- A measure by Sen. Connie Mack, R-Fla., to give half of any funding increase for the $335 million Eisenhower Professional Development Program to states that have set up teacher-assessment systems and award pay based on merit; and
- A special education amendment by Sen. Judd Gregg, R-N.H., which lobbyists believe would allow states and districts to create their own discipline policies for disabled students under the Individuals with Disabilities Education Act. Sen. Gregg's office did not return calls regarding the amendment.
D.C. Vouchers Revisited
The savings-account amendments will likely not be the only education-related debate on Capitol Hill later this month. The week it returns from its break, the House plans to vote on creating so-called student-opportunity scholarships, which would give vouchers of up to $3,200 for private school and out-of-district public school tuition and tutoring assistance to about 2,000 low-income children in the District of Columbia.
Supporters of the measure, including its chief sponsor, Rep. Dick Armey, R-Texas, say vouchers are needed because the capital city's school administration is overly bureaucratic and its students' standardized-test scores are dismal.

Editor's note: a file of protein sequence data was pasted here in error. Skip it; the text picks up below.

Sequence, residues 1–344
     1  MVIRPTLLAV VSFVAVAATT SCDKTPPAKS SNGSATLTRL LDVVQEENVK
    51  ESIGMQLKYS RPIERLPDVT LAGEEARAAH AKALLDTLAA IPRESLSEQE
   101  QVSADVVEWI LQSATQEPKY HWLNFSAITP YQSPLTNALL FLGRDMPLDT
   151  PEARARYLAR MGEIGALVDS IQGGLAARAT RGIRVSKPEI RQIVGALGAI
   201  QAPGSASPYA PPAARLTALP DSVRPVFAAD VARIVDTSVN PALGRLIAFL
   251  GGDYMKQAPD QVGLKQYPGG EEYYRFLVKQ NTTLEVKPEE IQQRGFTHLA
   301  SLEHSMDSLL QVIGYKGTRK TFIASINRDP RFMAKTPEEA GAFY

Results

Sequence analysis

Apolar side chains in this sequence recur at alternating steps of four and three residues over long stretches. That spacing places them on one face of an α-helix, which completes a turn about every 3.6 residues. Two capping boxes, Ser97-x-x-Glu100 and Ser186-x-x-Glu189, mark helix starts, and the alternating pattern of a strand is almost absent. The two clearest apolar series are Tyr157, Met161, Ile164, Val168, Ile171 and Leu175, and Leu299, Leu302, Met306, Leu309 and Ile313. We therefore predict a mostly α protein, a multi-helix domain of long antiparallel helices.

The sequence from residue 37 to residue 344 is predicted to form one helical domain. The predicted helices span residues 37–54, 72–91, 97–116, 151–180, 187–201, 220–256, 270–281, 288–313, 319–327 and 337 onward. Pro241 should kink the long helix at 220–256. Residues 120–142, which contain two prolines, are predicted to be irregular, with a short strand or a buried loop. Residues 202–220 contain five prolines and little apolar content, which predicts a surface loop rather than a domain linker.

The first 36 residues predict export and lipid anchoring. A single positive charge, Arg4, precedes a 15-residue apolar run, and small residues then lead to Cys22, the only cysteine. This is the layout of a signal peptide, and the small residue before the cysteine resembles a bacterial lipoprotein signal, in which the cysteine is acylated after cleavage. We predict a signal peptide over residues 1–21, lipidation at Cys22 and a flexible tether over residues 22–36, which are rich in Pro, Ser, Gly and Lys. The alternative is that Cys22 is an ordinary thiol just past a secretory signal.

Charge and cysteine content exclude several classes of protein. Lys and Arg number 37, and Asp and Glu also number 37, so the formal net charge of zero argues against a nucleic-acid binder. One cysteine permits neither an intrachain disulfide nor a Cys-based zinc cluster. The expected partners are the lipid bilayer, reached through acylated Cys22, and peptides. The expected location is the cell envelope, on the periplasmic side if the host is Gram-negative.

In an unusual gathering in Washington last week, a group of black ministers joined representatives of the liberal People for the American Way and Delegate Eleanor Holmes Norton, the city's nonvoting, Democratic representative in the House, to protest both the savings-accounts plan and the voucher proposal.
At a spirited news conference, more than a dozen members of the recently formed African American Ministers Leadership Council, a branch of People for the American Way, vowed to defeat the education savings accounts and any voucher proposal that rears its head in Congress.
"You can tell Coverdell we're going to take care of him after a while, and his days are numbered," said Rev. Timothy McDonald III of First Iconium Baptist Church in Atlanta.
Ms. Norton later told reporters that she believes the District of Columbia voucher proposal stands a good chance of passage, but that she is confident President Clinton will veto the bill.
In other action last week, the House approved a supplemental spending plan that would reduce the fiscal 1998 bilingual education appropriation by $75 million to $124 million. When they return later this month, House and Senate negotiators will work out compromise language on the measure.